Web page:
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The Vitalytes on a mission for God

Published:Saturday | September 24, 2016 | 12:00 AMTamara Bailey
The Vitalytes (from left) Rayon Harvey and Akeem Anderson ministering in song.
Harvey and Anderson are top 10 finalists in the JCDC Gospel song competition and Winners of the Best Lyrical Content segment.

Mandeville, Manchester:

Picture this: two young men patrolling the streets of their respective communities and adjoining areas as members of gangs and later ending up being detained for participation in criminal activities. Then picture them years later as Christians, on fire for God, spreading the word through their ministry.

This total transformation is the reality of Akeem 'Kavital' Anderson and Rayon 'Acolyte' Harvey, the two who formed the group, 'Vitalyte', and became top 10 finalists in the JCDC Gospel song competition and winners of the Best Lyrical Content segment.

Anderson, who is from the Top Bellfield, Banana Ground, area in the parish, told Family and Religion that after his mother died, life for him, initially, was about living without much care.

"I grew up in a good home and had to go to church. My mother was a single mother who raised four kids, but she had a heart condition and later died."

After his mother's death Anderson had all the freedom in the world and he made all the wrong choices.

"My father was overseas and I had no contact with him because he was there illegally, but when that changed and we were finally talking, I had already gone down the wrong path. Wouldn't say I was a bad boy, but I knew bad boys. Me drink and me smoke and me have me girl dem."

Anderson soon found himself in an institution for juvenile delinquents after an altercation with a community bully.

"I went to a football match one day, and as I was heading home in the night, I saw this guy who was always bullying me. He was in the car (that I was in) as well and he started making some remarks and telling me what I should do with my dead mother. I returned those words. Him slap me in a me face and there was an altercation when we reached the community. He attacked me and I had a knife on me which I used to stab him."




Anderson said he was charged for wounding and was sent to an institution for juvenile delinquents. However, his attacker died within five months of him being charged and Anderson was later taken to jail, as his charge had moved up to murder.

"It wasn't my fault why he died: he had got an infection after the surgery. I spent three weeks in jail and eight years going to court before I was cleared."

Having been vindicated, one would think Anderson would have turned his life around, but he found himself scamming to get by.

"I did it for a while, but then I realised it wasn't working out. I was missing my mother and I knew this wasn't the life for me."

He had a conviction one day while he was alone.

"I was there talking to myself, questioning the life I have been living and I heard a voice say 'Seek ye first the kingdom of God and all these things shall be added onto you'. Me just let go and me just decide say me a go church."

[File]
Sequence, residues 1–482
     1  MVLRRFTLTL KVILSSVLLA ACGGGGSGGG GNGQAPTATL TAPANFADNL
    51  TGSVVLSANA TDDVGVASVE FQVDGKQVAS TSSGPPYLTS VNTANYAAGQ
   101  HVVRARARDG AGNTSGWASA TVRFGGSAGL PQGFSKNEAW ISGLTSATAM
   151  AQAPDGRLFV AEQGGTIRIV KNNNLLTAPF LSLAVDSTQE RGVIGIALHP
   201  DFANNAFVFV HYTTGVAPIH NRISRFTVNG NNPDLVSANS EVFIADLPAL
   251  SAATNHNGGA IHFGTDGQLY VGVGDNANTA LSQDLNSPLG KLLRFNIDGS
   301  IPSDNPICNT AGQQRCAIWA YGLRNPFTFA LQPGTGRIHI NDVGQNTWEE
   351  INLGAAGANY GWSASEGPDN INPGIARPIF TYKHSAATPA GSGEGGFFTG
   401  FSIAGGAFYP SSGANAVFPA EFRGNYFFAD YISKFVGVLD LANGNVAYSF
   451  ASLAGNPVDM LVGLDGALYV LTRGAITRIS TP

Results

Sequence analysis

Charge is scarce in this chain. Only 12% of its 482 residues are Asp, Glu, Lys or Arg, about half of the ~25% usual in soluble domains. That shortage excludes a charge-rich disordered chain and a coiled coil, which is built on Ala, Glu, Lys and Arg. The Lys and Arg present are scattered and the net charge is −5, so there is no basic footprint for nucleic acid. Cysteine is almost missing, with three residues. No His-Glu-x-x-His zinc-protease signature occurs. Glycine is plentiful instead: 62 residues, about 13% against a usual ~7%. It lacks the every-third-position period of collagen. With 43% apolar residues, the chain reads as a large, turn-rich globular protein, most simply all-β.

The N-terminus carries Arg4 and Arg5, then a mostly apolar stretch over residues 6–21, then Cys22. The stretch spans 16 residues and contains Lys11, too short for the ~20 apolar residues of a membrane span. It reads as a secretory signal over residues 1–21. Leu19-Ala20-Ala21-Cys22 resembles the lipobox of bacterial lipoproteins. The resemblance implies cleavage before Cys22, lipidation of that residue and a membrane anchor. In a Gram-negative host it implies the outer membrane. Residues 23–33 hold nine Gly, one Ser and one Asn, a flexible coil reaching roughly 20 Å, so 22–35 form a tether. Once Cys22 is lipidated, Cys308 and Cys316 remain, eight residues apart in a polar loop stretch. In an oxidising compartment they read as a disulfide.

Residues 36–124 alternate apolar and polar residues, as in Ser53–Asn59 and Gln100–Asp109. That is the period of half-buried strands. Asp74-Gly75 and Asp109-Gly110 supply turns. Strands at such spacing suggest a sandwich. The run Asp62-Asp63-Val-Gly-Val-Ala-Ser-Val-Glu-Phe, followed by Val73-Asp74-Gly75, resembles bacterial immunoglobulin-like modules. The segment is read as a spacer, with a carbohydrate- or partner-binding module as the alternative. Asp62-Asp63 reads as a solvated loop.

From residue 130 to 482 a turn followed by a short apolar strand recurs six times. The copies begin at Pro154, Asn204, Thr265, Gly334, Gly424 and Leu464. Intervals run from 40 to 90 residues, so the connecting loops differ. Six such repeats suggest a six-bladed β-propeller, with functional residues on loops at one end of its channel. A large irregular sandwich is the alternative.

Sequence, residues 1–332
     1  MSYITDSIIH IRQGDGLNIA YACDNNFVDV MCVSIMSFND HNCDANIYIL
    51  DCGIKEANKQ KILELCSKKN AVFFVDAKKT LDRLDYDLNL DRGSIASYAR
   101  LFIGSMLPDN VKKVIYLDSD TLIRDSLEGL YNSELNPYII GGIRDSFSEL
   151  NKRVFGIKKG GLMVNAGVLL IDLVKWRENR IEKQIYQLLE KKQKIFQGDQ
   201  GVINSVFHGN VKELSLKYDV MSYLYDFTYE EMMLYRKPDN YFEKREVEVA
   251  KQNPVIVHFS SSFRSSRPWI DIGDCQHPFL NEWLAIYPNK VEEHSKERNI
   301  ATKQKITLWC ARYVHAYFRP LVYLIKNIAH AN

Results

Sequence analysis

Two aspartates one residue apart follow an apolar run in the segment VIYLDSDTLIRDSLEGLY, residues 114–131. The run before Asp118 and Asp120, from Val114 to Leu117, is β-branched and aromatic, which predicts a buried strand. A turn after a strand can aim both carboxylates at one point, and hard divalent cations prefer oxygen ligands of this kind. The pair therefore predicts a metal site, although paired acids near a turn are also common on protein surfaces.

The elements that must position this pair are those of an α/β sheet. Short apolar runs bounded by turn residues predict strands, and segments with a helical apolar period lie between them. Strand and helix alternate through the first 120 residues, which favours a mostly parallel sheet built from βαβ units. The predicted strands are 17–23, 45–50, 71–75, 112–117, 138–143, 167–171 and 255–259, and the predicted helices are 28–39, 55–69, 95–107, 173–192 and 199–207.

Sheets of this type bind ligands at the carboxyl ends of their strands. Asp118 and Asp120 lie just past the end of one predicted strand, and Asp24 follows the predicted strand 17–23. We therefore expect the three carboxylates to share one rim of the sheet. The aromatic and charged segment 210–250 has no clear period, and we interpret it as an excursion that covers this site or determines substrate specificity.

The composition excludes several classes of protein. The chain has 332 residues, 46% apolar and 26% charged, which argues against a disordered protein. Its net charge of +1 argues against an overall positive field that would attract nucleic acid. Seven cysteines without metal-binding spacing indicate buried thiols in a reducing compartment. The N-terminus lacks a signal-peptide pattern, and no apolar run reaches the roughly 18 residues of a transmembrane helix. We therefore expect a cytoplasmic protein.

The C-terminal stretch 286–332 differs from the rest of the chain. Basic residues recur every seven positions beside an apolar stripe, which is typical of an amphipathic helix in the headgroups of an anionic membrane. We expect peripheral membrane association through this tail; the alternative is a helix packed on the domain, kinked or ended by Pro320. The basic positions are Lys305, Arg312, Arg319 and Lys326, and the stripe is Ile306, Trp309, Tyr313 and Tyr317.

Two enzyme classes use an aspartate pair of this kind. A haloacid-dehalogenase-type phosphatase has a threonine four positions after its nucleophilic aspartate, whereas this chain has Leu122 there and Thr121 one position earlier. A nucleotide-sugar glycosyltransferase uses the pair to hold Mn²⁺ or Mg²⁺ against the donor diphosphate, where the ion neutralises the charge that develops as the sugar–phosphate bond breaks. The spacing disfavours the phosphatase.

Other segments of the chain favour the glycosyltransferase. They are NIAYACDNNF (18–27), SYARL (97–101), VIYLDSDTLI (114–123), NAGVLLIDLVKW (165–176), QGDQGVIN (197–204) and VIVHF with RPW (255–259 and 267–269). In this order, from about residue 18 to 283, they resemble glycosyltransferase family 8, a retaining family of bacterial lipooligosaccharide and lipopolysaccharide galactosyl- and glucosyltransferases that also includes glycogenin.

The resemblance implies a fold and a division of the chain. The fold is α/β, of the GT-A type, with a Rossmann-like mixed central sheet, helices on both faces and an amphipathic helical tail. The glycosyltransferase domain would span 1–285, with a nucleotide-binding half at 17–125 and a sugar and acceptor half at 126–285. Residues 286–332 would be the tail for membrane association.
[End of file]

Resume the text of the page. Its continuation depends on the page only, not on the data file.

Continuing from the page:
Now a member of the Generation's Church, for the past two years, Anderson said he would have it no other way.

"There is a feeling of warmth and love, the people were just friendly and genuine, the pastor doesn't talk down to you. He teaches the Word."

Anderson explained that God has taken him from the slum to heights he never thought he would reach.

"God has given me a better paying job. The people who used to hate me because they forgot what the guy had done to me and only remembered what I did, some are telling me how proud they are of me, some are asking me to help them get jobs and even the guy's mother has told me she is proud of me and wants me to continue on the same path. Me watch God take me up from off a the ground and put me up high above all my circumstances. Me nuh even walk and hol' down me head again," Anderson expressed.


Rayon Harvey's story


For Rayon Harvey, growing up in Greenvale without a father, being around a mother whose presence wasn't felt and needing more from a grandmother, who could give so much and no more, were reasons that led him into gang membership.

"I had this void in my life that needed to be filled and I turned to gangs, walk up and dung with guns. It wasn't something that I wanted to do, but I ended up there."




Harvey, who was always accused of smoking, but never indulged in the act up to that time, decided to take up the offer one night while at a bar with his cousins. It was here that his change for the better slowly began.

"I was there smoking drinking and having a good time. I wasn't drunk, nor was I high, but after a while, I felt my body drifting, it was almost like an attack from the devil. I knew everything that I was doing, but I had no control over it, I started shouting 'the blood of Jesus'. I had an out-of-body experience that was shocking. I stood there in the bar looking at my body. I was taken to the hospital and I told my aunt, after I came around, that I needed to be in church."

Harvey, who surrendered his life to God five years ago, said early in his Christian walk, he had moments of weakness but has no regrets renouncing his life as a thug.

"It was after an accident with my cousin and me that I became firm in my conviction. The car fell on him and he died and I came out of the accident without a bruise. I went to the hospital and after being there for a while, I left with blood all over my clothes and went straight to church."

He continued, "Since then, I have a love and peace and joy that is unspeakable. God saved me for a purpose," said the member of Faith Claim Ministries.

Having released singles, independently, these two brothers in Christ, who have been friends since high school, are allowing the Lord to use them to do His will; inspiring one life at a time.